Reporter in Seoul accused of ‘treason’ for challenging government’s pro-Pyongyang statements

Special to

By Donald Kirk

President Moon Jae-In almost accidentally stepped into a battle that did not have to happen with journalists for foreign news organizations.

The ruckus was all about a Korean reporter for Bloomberg who wrote in September that Moon sounded like a spokesman for Kim Jong-Un by singing the praises of the North Korean leader in a talk at the prestigious Council on Foreign Relations in New York.

So what? People say worse things every day about Moon and those around him. People also say worse about the people who say worse things about Moon. In this political climate, in which Moon is pursuing a controversial policy of reconciliation, snide remarks from one side to the other and back again are to be expected.

Moon Chung-In, President Moon Jae-In’s foreign policy advisor, ‘never stops talking up an end-of-war declaration and peace treaty.’ / CNN

Moon’s advocates may say how unfair, unhelpful is any criticism against him. The Bloomberg barb was not altogether unreasonable, however, considering that another Moon, Moon Chung-In, the President’s loquacious foreign policy adviser, sounded a bit as if he too were taking Kim Jong-Un’s viewpoint in a talk at which he was besieged by questions from Korean journalists seated on either side of him.

Moon Chung-In had just returned from three days in Washington at which he had absorbed a range of views from American think-tankers about the failed Trump-Kim summit in Hanoi.

Ironically, under skeptical questioning by one of the journalists next to him on the panel, he turned on her and said she sounded like “a spokesman” for the U.S. No one seemed to mind when the “spokesman” label was applied for expressing a pro-American view.

All this repartee was great until leaders of the Democratic Party of Korea (DPK) were awakened to the fact that the Bloomberg reporter six months ago had had the temerity to reflect, very briefly, the same skepticism as many others in Seoul and Washington. Her story wasn’t noticed until the floor leader of the opposition Liberty Korea Party quoted it in a speech.

Then all hell broke loose. The headline on the story ― “South Korea’s Moon Becomes Kim Jong Un’s Top Spokesman at UN” ― attracted the most attention. That was enough for the DPK spokesman to accuse the reporter of “treason” even though she probably hadn’t written the headline. All that loose talk, though, returned to haunt the DPK, when the Seoul Foreign Correspondents’ Club and then the Asian American Journalists’ Association (AAJA) came out in heated defense of the beleaguered reporter.

Amid back-pedaling and even apologies, the powers-that-be, that is the ruling establishment, both party and government, seem to realize they made a mistake in pillorying a reporter for a single, brief, largely forgotten, story.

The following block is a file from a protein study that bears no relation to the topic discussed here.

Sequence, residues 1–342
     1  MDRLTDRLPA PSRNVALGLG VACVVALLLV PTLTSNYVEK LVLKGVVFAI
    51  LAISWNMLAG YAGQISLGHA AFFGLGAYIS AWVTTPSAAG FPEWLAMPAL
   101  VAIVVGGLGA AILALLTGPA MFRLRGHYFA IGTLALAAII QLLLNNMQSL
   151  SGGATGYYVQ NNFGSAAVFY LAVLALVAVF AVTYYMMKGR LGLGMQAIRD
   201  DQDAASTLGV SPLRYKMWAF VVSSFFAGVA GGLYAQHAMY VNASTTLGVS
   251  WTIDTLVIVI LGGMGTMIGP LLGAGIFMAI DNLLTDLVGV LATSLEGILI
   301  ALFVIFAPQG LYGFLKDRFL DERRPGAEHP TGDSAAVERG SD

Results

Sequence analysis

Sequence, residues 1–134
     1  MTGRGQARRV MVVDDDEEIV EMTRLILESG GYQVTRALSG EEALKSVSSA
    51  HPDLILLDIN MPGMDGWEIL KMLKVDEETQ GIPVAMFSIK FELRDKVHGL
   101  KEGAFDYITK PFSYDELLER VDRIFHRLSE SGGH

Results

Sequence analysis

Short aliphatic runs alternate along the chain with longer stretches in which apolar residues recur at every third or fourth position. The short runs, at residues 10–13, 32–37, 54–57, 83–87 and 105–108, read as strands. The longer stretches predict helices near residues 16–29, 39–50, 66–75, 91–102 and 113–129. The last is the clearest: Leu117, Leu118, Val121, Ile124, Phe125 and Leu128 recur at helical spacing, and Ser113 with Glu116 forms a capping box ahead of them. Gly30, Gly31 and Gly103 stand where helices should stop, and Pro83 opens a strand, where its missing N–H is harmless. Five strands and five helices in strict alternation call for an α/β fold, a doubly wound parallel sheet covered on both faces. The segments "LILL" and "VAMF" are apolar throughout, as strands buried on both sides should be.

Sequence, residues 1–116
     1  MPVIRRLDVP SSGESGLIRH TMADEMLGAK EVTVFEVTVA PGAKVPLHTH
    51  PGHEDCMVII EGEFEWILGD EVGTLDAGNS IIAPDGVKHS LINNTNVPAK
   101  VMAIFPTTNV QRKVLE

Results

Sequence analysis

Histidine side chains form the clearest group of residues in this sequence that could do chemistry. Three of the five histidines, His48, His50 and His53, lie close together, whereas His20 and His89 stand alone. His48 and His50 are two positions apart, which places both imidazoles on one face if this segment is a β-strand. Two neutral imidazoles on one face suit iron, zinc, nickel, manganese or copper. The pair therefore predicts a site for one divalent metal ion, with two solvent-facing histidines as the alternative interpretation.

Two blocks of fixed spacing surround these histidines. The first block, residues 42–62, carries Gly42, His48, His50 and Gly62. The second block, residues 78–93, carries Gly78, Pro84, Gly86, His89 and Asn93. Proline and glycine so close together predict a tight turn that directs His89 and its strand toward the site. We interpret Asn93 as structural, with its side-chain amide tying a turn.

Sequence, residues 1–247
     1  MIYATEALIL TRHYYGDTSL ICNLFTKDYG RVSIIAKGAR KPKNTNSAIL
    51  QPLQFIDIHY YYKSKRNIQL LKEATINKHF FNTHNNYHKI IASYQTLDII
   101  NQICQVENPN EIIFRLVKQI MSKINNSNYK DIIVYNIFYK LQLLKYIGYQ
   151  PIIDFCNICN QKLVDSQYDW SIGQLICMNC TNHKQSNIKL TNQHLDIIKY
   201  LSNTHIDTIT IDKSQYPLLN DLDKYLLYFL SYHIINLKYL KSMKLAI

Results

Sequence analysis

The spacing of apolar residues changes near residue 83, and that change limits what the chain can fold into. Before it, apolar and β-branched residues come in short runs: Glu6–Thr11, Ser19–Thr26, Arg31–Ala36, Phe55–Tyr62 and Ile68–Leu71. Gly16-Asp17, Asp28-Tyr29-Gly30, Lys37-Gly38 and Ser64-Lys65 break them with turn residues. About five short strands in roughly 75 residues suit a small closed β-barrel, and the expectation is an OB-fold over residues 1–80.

The Candlelit Revolution was about a lot of things ― corruption, power-grabbing and influence-buying ― but it was also about freedom of expression, freedom of the press, debate from both sides. President Moon, of all people, should recognize the basic principles that enabled him to take over the government in the spirit of justice and democracy.

In that same spirit, Moon and those around him must recognize that reconciliation with North Korea, while noble in the abstract, may not work out in practice. Knowledgeable people, ranging from veteran diplomats to business leaders to academic figures, not just the rightwing flag-wavers who parade through central Seoul every Saturday, are pointing out the flaws inherent in his policy.

Moon Chung-In, a retired Yonsei University professor, energetically calls for “steps” to be made by both sides but fails to recognize that North Korea has dishonored all its agreements. He never stops talking up an end-of-war declaration and peace treaty as if those words on paper would have real meaning nearly seven decades after the Korean War ended.

Moon Jae-In, not Moon Chung-In, may still bring about a measure of reconciliation through talks on different levels. By the time he steps down three years from now, we may see clear signs of rapprochement in the form of cultural exchanges, regular reunions of divided families and humanitarian programs. Sanctions may be eased, making it possible to reopen the Gaeseong Industrial Complex and the Mount Geumgang tourist zone.

One way not to achieve any of these goals, however, is to attack some wayward reporter for the kind of jibes that one has to expect in a democracy. Moon probably understands that. Nobody wants to see South Korea revert to the bad old days of intimidation of the media in the name of any belief, including reconciliation with a totalitarian state within artillery range of the Blue House

Donald Kirk has covered the Korean democracy struggle since the 1970s.